While a heat wave is plaguing the US, Britain, and Iraq in the Northern Hemisphere, a cold snap in Peru is killing alpacas en masse.
As many as 50,000 alpacas raised by indigenous farmers in Puno, the southern part of the Andes, have died from the bitter cold winter where temperatures have plunged as low as -9 degrees Fahrenheit (-23 Celcius), the AP reports.
The Peruvian government has declared a state of emergency in the region and promised to hand out $3 million of relief funds to those affected. They fear that over 300,000 of the nation’s 4 million alpacas will die if the cold continues, and the loss of livestock will devastate 120,000 families, whose meager livelihood depend on the alpaca wool trade.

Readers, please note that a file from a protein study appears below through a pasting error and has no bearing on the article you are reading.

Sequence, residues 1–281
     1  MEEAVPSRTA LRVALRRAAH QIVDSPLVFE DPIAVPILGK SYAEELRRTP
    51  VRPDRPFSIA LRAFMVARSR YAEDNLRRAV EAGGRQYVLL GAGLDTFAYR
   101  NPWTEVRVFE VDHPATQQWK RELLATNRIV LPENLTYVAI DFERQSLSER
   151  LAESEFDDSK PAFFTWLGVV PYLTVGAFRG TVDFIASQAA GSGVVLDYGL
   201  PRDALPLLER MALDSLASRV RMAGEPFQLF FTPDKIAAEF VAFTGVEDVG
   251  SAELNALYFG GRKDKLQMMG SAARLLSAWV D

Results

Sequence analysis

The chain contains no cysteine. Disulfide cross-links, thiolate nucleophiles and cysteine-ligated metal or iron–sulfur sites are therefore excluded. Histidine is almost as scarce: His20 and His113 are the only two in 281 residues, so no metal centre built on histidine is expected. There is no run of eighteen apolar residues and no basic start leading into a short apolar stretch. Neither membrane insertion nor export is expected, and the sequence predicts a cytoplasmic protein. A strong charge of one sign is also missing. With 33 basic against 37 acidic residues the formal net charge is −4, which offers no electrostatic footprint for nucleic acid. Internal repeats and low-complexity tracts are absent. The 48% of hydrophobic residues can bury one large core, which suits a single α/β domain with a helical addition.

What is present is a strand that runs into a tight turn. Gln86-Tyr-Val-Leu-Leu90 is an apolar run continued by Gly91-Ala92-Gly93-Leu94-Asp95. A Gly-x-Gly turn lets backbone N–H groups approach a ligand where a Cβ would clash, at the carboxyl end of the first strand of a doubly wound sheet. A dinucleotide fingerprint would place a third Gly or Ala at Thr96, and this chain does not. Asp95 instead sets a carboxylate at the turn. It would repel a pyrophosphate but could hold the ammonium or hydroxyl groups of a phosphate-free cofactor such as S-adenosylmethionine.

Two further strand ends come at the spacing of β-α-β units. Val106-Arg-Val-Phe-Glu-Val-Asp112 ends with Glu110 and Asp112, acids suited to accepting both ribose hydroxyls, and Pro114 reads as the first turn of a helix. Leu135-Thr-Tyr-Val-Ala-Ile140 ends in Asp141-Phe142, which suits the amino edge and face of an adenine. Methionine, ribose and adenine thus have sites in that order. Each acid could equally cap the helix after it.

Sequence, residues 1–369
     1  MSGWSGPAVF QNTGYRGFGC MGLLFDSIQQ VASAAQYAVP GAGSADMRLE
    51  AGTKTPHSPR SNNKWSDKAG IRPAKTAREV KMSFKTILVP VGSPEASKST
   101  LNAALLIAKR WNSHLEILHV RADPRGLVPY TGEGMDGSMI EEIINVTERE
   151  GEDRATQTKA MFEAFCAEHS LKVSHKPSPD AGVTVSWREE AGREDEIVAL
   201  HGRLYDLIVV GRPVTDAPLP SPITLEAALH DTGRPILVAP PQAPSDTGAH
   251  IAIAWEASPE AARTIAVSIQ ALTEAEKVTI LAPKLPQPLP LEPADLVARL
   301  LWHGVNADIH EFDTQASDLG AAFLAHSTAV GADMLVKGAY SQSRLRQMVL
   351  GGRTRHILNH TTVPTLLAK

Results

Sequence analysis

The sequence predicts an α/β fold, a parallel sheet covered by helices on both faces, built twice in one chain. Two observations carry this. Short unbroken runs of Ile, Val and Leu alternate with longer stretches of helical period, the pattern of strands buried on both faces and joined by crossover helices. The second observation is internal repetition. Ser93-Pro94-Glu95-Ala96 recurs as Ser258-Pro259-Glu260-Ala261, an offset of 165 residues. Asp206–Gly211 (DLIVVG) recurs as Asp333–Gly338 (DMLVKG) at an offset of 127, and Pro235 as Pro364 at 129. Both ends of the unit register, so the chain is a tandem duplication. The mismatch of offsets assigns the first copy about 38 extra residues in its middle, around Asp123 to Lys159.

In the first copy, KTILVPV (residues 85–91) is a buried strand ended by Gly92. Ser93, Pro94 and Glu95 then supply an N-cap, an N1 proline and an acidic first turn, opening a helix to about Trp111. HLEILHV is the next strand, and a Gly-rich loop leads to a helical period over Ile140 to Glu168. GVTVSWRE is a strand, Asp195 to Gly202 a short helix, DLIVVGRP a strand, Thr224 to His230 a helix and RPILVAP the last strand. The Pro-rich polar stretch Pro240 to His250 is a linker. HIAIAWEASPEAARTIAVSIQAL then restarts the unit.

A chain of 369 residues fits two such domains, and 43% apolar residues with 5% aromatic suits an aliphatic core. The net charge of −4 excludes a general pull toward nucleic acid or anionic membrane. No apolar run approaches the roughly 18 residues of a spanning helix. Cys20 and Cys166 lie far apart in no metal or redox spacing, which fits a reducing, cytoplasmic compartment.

A similar plight befell the region in 2013 and last year too.
Alpaca fleece has become more popular in the fashion industry in recent years, branded as a more sustainable substitute to mainstream luxury wool like cashmere. The country now exports $150 million worth of alpaca fleece annually. Although a piece of clothing weaved from alpaca wool is sold anywhere between $100 to $5,000, Peruvian farmers only get about $5 for each kilogram they sell, with many earning as little as $1,200 per year.